In an amazing move for lesbian, gay, bisexual and transgender (LGBT) athletes everywhere, the International Olympic Committee (IOC) has taken steps to ensure that future host cities of the Olympic Games cannot discriminate against queer competitors.
Earlier this year, public outrage overshadowed the 2014 Winter Olympic Games in Sochi, Russia in wake of the nations anti-gay “propaganda” law. This legislation enabled a culture of fear and violence for LGBT Russians, and at the time raised concerns for the safety of LGBT athletes competing in the Games.
In light of this, the IOC has added an anti-discrimination clause to the contract host cities of future Games must sign. The move comes after almost 80,000 All Out members called for such an ordinance to be added and advocacy groups All Out, Athlete Ally, and Human Rights Watch sent an open letter to the IOC president.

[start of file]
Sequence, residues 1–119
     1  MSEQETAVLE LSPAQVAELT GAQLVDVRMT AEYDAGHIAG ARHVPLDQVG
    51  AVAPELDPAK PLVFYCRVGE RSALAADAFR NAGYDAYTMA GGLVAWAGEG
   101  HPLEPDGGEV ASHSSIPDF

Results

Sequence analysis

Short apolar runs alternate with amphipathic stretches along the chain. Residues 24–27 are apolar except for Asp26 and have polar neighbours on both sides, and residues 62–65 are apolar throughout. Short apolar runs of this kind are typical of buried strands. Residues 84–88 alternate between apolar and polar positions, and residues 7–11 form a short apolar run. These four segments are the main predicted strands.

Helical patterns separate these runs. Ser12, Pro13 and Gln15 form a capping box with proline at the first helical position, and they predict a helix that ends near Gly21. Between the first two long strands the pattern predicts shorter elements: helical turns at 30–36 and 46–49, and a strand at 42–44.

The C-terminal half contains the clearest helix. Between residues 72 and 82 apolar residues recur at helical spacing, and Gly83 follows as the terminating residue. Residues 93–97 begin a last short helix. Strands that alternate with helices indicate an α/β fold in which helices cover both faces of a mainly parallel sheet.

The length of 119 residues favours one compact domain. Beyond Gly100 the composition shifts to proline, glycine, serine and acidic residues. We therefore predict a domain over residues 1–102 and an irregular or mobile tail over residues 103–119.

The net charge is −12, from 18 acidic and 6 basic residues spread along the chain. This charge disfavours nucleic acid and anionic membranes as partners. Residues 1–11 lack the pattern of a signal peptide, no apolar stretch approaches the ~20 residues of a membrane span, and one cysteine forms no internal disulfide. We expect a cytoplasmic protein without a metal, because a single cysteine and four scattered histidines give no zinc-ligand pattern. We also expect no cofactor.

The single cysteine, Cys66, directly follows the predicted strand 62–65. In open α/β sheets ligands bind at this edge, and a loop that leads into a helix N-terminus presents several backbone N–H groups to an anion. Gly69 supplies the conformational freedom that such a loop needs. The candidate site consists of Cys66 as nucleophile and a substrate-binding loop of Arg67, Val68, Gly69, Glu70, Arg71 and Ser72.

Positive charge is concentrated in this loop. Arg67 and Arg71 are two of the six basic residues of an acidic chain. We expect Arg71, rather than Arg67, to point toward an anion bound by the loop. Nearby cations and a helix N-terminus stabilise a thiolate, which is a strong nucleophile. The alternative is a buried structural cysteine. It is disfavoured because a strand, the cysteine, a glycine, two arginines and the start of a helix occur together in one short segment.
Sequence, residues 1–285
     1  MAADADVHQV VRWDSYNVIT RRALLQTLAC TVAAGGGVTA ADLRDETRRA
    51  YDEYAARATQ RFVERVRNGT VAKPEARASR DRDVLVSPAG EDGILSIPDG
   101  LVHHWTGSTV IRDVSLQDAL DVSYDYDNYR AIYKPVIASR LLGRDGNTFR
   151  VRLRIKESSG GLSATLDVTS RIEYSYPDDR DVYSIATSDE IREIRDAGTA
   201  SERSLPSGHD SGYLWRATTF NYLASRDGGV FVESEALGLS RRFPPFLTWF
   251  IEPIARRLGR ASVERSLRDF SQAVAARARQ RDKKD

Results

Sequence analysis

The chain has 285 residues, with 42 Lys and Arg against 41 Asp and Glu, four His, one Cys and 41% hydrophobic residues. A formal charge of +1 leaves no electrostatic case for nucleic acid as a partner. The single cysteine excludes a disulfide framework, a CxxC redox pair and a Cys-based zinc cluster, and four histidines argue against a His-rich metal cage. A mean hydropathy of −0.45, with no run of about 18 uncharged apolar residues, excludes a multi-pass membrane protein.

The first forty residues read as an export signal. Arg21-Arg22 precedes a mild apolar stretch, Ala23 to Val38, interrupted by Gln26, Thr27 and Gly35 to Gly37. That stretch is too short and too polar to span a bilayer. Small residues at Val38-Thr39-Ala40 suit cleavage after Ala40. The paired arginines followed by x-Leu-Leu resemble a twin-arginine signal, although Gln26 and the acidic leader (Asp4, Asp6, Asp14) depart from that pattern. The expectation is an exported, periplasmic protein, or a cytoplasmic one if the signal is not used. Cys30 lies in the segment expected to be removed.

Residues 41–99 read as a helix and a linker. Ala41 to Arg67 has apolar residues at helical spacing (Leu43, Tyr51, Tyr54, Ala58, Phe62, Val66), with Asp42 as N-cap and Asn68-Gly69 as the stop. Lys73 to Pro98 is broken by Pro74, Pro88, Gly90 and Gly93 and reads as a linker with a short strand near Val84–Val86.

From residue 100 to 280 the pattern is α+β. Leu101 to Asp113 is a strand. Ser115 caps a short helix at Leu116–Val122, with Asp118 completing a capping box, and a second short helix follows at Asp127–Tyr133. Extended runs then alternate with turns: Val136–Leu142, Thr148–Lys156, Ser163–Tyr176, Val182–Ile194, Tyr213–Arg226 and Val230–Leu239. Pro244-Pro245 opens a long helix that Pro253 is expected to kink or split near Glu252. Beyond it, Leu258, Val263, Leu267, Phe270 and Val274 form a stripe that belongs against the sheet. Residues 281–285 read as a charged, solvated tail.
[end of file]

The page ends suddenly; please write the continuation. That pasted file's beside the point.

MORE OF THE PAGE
“This is a significant step in ensuring the protection of both citizens and athletes around the world and sends a clear message to future host cities that human rights violations, including those against lesbian, gay, bisexual, and transgender people, will not be tolerated,” Andre Banks, co-founder and executive director of All Out, said in a statement. “This is a particularly important moment for the world’s lesbian, gay, bisexual and transgender citizens who face discrimination and persecution not only in Russia but in countries all over the world. We will continue working to make sure this change is powerfully enforced — these new rules must prevent a replay of Sochi.”